People line up patiently to buy medical masks in a pharmacy in Taiwan. They hand in their National Health Insurance (NHI) Cards to the pharmacist at the counter one after another. The pharmacist then inserts the NHI Card into the card reader, verifies the identity of the cardholder, and hands out the masks. Each purchase is completed within 10 seconds.
The scene has been constantly seen around Taiwan ever since the name-based mask rationing system was implemented in February 2020, when Taiwan’s Central Epidemic Command Center (CECC) enlisted help from NHI-contracted pharmacies and the NHI MediCloud System, using NHI Cards and the “NHI Express App” for identity verification and order control to make basic protection available for every citizen. Today, even after domestic retail sales of medical masks resumed in June 2020, this system is still in operation.
In addition to the name-based mask rationing system, the NHI system is also a critical first line of defense against the COVID-19 pandemic. After the COVID-19 outbreak in 2020, the CECC immediately connected the NHI MediCloud System to the border entry database. When medical staff accessed the NHI Cards of the public, they immediately learnt of travel histories, occupations, contact and cluster histories. This reduced contact risks for front-line medical personnel and allowed traffic to be diverted in time to prevent nosocomial infection.
These are the results of the digitalization of the NHI system following its establishment around the turn of the century. Today, the process of reporting medical expenses in hospitals has been fully automated, and the data are consolidated for automated review. Since the NHI Administration began issuing NHI Cards in 2004, medical personnel have been able to obtain diagnostic data of those seeking treatment simply by accessing the card. The establishment of the NHI MediCloud System in 2015 further allows medical staff to instantly acquire patients’ past medical examination reports and medication records to reduce duplication of medication and waste of medical resources.
Based on these strong foundations, the NHI Administration has begun to develop its “Virtual NHI Card” system. Once completed, it will be able to improve home healthcare and rural medical services, while making access to medical records faster and safer. In the future, people in Taiwan will have the option to use a virtual NHI Card instead of a physical one.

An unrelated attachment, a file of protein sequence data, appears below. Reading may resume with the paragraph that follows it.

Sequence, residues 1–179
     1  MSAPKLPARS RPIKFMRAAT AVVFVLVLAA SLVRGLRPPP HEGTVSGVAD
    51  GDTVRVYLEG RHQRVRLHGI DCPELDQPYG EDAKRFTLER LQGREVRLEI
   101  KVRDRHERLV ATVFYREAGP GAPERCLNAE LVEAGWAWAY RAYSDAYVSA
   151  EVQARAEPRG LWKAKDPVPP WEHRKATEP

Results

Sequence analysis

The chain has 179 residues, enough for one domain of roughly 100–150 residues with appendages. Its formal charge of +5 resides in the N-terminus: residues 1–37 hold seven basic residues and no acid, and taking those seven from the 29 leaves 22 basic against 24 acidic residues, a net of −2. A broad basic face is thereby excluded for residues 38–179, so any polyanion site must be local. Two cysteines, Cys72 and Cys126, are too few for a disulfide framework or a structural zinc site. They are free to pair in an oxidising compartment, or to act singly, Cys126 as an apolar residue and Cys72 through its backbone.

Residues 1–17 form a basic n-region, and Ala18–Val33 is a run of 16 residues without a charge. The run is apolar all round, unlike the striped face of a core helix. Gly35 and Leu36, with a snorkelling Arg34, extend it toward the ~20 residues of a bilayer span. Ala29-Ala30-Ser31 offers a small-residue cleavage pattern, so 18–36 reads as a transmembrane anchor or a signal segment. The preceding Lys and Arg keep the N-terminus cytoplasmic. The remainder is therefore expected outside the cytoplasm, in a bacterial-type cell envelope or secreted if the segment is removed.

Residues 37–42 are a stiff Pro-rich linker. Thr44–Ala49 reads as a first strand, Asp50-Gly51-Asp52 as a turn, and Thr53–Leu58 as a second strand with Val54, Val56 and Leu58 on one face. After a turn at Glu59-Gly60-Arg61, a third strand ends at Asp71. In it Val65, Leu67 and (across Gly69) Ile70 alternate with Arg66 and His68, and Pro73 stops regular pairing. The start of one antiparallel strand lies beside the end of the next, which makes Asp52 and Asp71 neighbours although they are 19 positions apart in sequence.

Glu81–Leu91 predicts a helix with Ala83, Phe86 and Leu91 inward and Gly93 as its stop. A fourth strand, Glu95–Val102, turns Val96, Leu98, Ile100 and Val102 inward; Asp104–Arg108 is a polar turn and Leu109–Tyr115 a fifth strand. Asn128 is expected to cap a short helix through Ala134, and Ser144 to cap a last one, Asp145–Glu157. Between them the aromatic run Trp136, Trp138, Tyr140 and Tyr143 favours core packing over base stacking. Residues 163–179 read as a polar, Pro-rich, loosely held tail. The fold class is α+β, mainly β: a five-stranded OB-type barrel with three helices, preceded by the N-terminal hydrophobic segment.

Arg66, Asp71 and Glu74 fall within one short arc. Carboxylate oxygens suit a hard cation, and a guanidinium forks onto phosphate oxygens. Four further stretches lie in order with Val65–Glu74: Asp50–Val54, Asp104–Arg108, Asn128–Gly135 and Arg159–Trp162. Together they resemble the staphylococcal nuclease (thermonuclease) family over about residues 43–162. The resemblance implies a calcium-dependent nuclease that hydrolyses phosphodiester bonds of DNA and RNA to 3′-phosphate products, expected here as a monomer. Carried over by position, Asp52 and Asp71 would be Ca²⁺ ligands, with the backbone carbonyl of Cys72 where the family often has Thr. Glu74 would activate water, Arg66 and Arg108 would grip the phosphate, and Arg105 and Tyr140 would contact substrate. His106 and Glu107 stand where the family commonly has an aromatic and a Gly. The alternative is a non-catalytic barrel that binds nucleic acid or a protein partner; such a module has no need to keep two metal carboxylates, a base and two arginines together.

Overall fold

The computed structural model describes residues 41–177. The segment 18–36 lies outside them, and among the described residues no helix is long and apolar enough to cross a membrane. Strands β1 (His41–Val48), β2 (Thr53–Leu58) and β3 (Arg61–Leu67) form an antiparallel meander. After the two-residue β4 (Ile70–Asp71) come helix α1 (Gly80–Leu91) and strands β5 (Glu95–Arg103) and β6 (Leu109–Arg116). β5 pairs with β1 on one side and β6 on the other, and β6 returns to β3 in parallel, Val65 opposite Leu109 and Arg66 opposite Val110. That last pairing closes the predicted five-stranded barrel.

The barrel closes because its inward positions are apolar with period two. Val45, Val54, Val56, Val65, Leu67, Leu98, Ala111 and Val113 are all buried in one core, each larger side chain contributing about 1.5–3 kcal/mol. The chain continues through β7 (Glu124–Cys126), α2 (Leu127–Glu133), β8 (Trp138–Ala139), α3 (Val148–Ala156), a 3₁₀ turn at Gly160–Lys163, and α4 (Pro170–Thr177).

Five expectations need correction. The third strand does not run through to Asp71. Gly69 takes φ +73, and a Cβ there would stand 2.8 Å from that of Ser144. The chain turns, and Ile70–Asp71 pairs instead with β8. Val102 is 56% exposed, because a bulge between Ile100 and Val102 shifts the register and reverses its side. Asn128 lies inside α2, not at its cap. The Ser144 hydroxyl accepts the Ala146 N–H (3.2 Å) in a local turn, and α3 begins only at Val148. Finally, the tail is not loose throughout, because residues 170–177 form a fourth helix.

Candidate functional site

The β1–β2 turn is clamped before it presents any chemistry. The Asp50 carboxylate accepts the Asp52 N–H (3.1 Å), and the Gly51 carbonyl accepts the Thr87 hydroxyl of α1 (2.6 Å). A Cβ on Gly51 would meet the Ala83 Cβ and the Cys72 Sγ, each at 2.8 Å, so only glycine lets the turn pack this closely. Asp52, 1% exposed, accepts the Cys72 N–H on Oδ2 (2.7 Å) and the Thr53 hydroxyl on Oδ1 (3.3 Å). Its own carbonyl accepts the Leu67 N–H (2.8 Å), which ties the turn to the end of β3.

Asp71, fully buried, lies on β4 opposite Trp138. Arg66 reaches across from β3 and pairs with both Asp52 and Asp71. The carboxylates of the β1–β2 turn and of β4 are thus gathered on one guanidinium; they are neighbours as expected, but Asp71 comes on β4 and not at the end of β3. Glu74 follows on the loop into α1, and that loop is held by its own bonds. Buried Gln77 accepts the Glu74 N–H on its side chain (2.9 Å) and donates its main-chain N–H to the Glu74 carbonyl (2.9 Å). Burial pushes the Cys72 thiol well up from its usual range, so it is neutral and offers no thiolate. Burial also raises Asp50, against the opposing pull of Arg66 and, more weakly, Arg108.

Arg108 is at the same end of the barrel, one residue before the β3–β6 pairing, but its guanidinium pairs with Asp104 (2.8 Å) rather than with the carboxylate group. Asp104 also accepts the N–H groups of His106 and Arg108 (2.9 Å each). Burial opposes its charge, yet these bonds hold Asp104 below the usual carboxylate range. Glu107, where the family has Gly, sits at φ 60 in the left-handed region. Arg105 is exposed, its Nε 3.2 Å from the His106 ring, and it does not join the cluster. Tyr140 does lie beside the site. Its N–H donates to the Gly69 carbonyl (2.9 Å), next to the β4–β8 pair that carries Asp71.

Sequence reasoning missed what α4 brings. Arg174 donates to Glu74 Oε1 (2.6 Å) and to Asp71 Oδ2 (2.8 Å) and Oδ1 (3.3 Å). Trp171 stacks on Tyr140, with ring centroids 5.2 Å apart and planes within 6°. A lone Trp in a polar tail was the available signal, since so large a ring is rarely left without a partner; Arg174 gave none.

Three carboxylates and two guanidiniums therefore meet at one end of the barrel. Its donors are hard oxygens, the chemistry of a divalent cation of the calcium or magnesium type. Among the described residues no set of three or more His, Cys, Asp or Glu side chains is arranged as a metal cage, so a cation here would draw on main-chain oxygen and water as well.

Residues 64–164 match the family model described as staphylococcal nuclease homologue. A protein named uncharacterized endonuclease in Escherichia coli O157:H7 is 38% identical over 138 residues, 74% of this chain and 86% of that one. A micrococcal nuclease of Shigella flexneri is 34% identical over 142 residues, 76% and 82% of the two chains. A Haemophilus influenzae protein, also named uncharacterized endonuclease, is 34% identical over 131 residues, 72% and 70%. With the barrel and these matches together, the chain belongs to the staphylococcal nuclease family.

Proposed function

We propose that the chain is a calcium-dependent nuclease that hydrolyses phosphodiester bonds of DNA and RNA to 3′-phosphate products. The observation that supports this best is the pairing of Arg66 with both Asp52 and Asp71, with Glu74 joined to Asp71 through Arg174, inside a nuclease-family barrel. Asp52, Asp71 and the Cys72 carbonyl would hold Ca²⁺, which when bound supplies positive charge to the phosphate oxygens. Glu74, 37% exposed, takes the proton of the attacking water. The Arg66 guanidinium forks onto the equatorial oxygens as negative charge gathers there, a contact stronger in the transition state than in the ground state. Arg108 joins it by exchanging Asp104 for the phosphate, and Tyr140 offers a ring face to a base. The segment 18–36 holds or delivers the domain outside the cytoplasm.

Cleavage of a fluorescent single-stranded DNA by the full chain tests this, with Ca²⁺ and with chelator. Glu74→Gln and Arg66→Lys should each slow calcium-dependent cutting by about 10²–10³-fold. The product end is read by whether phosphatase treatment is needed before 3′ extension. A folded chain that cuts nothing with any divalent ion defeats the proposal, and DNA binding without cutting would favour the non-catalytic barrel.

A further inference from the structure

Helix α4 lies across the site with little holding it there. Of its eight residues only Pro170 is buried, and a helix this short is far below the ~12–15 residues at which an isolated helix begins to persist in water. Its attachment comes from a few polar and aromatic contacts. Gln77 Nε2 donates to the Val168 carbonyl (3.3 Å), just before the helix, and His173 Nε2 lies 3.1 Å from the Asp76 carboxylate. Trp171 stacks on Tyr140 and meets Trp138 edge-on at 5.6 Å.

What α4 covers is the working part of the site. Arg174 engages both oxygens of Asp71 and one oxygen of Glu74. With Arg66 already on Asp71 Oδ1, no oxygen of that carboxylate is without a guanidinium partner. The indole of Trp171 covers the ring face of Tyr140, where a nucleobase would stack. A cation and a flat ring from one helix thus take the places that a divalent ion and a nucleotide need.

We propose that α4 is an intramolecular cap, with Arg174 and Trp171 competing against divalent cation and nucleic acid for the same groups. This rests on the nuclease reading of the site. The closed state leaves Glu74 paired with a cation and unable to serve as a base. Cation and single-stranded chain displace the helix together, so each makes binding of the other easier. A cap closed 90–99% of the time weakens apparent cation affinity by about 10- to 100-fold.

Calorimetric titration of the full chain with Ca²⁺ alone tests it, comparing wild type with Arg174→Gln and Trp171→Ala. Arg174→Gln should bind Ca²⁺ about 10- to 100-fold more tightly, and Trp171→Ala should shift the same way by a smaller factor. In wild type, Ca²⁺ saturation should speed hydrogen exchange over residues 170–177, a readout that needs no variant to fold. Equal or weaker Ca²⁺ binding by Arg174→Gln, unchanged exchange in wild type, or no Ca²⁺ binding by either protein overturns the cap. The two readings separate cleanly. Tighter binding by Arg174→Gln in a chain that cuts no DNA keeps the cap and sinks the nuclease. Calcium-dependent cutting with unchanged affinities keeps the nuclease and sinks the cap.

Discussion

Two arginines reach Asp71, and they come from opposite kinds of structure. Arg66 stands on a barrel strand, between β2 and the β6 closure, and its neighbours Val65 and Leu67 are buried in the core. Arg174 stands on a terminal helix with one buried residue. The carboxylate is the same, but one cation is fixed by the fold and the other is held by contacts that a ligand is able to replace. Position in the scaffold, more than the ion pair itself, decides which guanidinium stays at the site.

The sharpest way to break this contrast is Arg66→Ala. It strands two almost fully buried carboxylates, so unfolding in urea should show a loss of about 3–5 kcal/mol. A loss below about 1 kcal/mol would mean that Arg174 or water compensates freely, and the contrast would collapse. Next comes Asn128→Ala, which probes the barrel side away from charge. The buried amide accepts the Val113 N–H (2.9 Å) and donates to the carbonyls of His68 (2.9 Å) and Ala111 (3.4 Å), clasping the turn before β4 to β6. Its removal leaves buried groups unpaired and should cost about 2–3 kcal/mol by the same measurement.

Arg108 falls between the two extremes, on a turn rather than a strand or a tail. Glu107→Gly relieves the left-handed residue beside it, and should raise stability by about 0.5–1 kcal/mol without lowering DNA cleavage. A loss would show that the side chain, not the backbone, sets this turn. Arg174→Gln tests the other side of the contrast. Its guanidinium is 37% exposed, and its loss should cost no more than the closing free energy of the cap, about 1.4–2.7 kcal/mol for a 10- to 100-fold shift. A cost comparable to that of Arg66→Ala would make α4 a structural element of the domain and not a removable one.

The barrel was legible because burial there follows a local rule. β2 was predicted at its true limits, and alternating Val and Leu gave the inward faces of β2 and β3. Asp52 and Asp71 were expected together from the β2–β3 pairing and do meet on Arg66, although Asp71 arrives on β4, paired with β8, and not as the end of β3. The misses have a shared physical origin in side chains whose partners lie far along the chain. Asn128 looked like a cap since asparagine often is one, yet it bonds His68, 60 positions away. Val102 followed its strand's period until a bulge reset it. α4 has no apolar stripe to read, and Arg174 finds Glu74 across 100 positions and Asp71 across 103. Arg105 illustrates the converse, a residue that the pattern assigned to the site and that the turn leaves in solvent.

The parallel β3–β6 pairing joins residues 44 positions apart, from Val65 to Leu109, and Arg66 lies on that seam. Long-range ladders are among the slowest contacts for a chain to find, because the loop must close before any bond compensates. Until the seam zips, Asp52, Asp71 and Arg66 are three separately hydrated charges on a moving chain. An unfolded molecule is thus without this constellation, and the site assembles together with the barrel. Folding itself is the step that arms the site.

As the NHI offers universal coverage, in 2018, the National Development Council invited the NHI Administration and Cabinet-level Public Digital Innovation Space (PDIS) team to jointly organize three collaborative meetings. The purpose was to gather ideas from various stakeholders including medical workers, NHI users and front-line staffers issuing NHI Cards, to identify methods and risks for NHI Card virtualization.
The 2020 virtual card pilot project was based on the consensus derived from participants in the collaborative meetings, including:
- Co-existence: The current system for physical NHI Cards will remain, while virtual NHI Cards will be developed gradually.
- Field trial: A test run of the virtual card system will be conducted before deployment.
- Focus on health: Extra functions such as electronic payment will not be included.
Participants in this pilot project only needed to verify their identities before displaying their virtual NHI Cards on mobile devices to be used in participating institutions. A total of 2,633 people from various backgrounds joined in scenario testing, among which 1,902 people actually used the virtual NHI Cards for hospital visits. A wide variety of institutions participate in the pilot project, including medical centers, clinics, pharmacies, district health centers, and even individual cases of home care.
A survey conducted after the pilot program showed that 83% of the participants are willing to apply for a virtual NHI Card in the future. More than 70% believe that the privacy protection mechanism is secure. The third phase of the pilot project will begin this year, aiming to develop an offline time-stamp mechanism and to expand the Virtual NHI Card system to home care and remote diagnosis and treatment.
Taiwan’s NHI system is internationally celebrated as one of the model systems of national health insurance. During the COVID-19 pandemic management operations last year, the success of the NHI MediCloud System was clearly demonstrated. While making significant changes to the NHI system, Taiwan has shown the world that “involving citizens in policymaking” is how next-generation health services can be co-created through the path of Open Government.